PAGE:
The Seattle Landmarks Board must decide Wednesday if its place in the history of Seattle founding father William Renton will be enough to help qualify a more than 100-year-old E Madison Victorian for official landmark protection.
CHS reported on the first review by the board of 1523 E Madison that ended with a call to move the old house — now offices — forward in the process to gather more information about its potential architectural and historical worth.
The house is currently destined for demolition to make way for the Mad Flats project from developer Johnson Carr and architects Janette that will create 55 “efficiency dwelling units,” 3 live work units at street level plus 800 square feet of commercial space along E Madison.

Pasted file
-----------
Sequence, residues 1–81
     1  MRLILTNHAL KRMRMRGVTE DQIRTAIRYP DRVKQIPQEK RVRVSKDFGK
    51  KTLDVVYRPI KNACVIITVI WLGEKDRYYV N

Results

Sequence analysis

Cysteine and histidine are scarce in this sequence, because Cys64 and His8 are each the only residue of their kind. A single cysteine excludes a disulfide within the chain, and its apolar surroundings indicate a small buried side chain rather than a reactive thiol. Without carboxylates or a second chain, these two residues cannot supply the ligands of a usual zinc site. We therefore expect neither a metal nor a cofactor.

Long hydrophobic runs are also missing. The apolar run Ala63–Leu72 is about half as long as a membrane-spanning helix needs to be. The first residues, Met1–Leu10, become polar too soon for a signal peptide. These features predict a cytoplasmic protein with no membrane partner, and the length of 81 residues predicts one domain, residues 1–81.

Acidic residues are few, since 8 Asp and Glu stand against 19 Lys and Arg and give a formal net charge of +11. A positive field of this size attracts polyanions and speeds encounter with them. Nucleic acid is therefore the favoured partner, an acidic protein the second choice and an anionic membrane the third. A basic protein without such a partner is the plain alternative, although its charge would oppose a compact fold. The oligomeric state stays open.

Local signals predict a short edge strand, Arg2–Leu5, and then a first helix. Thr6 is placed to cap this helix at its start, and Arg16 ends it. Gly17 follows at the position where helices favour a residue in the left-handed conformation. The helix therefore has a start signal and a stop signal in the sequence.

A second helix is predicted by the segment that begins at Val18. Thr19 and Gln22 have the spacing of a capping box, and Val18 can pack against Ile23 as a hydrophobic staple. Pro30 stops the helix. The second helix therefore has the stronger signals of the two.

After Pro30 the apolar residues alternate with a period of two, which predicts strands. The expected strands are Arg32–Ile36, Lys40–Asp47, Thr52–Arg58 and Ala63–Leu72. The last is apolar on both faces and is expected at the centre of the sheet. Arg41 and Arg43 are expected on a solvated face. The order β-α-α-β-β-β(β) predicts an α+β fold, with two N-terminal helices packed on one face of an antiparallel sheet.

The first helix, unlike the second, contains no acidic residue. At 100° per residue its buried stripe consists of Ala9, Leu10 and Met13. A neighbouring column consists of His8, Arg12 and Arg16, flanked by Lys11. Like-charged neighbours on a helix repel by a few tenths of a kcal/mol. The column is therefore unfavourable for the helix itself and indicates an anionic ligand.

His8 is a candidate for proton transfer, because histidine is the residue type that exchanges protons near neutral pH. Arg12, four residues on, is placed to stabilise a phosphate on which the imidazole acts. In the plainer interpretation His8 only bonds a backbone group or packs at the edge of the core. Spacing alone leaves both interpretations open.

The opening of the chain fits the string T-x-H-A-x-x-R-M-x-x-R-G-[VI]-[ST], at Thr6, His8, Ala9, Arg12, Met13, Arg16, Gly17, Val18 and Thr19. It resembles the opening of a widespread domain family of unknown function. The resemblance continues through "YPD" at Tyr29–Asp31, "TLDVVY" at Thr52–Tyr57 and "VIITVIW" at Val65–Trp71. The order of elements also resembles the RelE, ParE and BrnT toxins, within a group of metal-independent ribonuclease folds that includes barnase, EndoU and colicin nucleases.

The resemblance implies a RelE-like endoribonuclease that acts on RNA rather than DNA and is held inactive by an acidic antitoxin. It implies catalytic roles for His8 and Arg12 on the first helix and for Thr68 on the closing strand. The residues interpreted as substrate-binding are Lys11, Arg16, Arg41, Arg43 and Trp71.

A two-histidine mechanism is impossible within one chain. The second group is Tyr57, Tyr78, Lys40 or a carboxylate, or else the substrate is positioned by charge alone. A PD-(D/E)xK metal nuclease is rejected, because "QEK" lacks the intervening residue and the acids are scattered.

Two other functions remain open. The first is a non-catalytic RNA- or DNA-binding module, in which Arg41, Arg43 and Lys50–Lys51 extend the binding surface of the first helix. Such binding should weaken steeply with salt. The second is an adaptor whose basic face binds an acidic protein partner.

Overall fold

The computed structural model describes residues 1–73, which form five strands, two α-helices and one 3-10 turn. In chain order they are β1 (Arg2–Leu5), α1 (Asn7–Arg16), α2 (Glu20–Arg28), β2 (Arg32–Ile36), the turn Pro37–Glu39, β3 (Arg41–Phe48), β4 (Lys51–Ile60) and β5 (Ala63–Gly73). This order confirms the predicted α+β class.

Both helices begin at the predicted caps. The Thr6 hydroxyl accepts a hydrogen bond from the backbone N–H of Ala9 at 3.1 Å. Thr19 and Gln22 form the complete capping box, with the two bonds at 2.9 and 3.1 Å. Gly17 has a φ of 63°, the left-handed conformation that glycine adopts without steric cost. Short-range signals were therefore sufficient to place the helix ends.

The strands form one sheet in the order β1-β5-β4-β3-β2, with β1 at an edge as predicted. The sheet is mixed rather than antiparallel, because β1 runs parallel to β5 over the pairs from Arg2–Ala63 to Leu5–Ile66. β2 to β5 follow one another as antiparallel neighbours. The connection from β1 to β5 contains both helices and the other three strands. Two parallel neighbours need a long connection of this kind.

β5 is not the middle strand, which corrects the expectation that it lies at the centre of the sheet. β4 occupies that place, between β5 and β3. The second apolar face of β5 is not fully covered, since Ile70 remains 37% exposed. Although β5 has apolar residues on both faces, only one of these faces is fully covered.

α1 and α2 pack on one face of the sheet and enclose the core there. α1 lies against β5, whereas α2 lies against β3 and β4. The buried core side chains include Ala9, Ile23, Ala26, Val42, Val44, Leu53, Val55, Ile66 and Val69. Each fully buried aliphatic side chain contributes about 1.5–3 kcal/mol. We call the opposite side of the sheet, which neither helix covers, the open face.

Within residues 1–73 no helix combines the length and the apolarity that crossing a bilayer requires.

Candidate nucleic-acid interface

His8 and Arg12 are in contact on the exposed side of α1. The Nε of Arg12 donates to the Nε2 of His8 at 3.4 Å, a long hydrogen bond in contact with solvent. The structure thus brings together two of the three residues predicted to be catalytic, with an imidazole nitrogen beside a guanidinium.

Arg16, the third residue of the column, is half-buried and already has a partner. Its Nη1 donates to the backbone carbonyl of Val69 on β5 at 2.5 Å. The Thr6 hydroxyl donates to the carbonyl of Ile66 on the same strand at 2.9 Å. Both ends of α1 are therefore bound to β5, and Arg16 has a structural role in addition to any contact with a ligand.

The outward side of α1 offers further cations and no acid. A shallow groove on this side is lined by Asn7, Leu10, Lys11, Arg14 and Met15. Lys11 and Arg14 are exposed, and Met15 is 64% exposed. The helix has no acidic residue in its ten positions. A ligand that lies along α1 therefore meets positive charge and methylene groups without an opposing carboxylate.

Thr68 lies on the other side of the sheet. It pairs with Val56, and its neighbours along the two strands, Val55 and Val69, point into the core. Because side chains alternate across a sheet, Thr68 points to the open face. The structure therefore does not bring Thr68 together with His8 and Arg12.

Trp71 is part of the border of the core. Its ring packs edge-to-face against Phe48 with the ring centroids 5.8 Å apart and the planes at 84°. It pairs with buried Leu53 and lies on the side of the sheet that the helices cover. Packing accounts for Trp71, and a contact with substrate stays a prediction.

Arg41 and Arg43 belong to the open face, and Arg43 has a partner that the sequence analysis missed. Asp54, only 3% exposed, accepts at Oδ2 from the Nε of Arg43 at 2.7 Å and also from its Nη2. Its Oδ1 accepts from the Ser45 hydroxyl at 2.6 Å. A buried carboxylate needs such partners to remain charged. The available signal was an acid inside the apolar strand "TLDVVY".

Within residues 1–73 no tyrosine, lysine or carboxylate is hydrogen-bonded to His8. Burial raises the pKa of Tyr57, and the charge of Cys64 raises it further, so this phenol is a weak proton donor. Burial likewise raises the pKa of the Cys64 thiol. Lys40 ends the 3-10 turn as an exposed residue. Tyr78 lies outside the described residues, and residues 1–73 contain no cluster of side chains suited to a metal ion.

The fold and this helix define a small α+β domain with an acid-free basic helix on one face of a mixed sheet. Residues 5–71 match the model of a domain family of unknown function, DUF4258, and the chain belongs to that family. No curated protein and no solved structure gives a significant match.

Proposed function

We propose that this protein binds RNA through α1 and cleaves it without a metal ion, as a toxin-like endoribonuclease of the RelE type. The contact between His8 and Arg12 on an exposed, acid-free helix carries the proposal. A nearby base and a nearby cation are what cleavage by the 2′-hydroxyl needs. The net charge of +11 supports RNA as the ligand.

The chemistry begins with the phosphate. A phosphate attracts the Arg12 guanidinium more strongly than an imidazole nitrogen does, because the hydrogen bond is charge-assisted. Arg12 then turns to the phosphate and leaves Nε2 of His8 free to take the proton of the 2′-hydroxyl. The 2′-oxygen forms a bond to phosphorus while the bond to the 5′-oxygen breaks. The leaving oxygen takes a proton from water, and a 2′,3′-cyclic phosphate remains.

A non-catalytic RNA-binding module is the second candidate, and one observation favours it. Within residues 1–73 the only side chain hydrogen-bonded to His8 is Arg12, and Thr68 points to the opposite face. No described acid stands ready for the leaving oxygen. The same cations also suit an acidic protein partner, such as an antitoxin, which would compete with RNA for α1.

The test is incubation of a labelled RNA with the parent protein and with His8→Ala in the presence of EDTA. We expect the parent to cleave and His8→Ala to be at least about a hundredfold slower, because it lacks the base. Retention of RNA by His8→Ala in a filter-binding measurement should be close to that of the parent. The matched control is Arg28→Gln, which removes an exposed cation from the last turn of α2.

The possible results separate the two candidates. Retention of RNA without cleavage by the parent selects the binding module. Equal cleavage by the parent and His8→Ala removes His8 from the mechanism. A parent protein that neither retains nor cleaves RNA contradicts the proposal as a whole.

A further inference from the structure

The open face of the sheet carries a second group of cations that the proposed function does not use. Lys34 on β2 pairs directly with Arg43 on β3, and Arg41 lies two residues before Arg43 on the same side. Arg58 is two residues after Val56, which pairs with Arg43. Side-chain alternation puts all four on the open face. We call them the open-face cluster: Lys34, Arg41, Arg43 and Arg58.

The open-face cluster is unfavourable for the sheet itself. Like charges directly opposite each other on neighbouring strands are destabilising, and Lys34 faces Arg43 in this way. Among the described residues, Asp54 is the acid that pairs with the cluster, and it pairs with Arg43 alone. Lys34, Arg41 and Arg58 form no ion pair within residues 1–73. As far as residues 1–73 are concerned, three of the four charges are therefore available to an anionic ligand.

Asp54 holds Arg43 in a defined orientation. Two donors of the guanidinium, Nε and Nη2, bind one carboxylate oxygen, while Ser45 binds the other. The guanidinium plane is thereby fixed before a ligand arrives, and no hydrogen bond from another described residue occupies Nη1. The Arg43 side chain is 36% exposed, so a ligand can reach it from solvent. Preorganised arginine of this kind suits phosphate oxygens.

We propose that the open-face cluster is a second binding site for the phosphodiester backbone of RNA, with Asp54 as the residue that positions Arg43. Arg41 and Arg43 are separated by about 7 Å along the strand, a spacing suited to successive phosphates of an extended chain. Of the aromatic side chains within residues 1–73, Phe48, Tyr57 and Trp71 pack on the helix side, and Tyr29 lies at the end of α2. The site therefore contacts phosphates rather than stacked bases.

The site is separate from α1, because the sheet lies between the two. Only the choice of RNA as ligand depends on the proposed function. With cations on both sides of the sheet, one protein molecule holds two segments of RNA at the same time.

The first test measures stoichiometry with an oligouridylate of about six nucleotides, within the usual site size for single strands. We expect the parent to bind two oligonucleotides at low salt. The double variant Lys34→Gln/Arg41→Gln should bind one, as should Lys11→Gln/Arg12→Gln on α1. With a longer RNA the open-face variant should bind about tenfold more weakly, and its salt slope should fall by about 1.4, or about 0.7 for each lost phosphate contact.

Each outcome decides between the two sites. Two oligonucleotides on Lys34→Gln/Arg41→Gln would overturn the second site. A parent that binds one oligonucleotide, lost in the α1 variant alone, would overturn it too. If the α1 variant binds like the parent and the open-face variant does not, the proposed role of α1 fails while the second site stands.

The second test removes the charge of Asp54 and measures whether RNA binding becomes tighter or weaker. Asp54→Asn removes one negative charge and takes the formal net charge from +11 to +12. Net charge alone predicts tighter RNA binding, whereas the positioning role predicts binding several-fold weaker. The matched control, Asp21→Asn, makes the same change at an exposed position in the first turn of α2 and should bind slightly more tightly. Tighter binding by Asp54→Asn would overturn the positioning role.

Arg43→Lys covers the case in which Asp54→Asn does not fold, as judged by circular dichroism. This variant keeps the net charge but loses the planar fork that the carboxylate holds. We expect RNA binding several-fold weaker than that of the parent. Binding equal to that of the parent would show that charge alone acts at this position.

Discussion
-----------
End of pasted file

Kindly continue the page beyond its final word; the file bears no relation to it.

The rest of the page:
In a supplemental report prepared for Wednesday’s review provided to CHS, the board will be presented with a timeline of owners for the property dating back to June 24, 1889 when a Abbie M. Smith purchased the property and the “Renton Home” for $1,400. By the way, the report notes that Abbie and her husband lost the property to foreclosure and by 1903 it was being advertised for rent at $25 per month. Good deal.
The rest of the ownership chain into the 20th century was equally un-notable, according to the report, below. The researcher also points out that Renton’s involvement may not be exactly landmark-worthy documenting that the lumber magnate, coal mine owner and real estate investor “owned at least seven other smaller properties in Seattle” at the time he sold the Renton Home.
The Seattle Landmarks Preservation Board meets Wednesday, October 2nd at 3:30 PM in the Seattle Municipal Tower (700 5th Ave) in room 4060. Public comment is allowed or can be provided via email.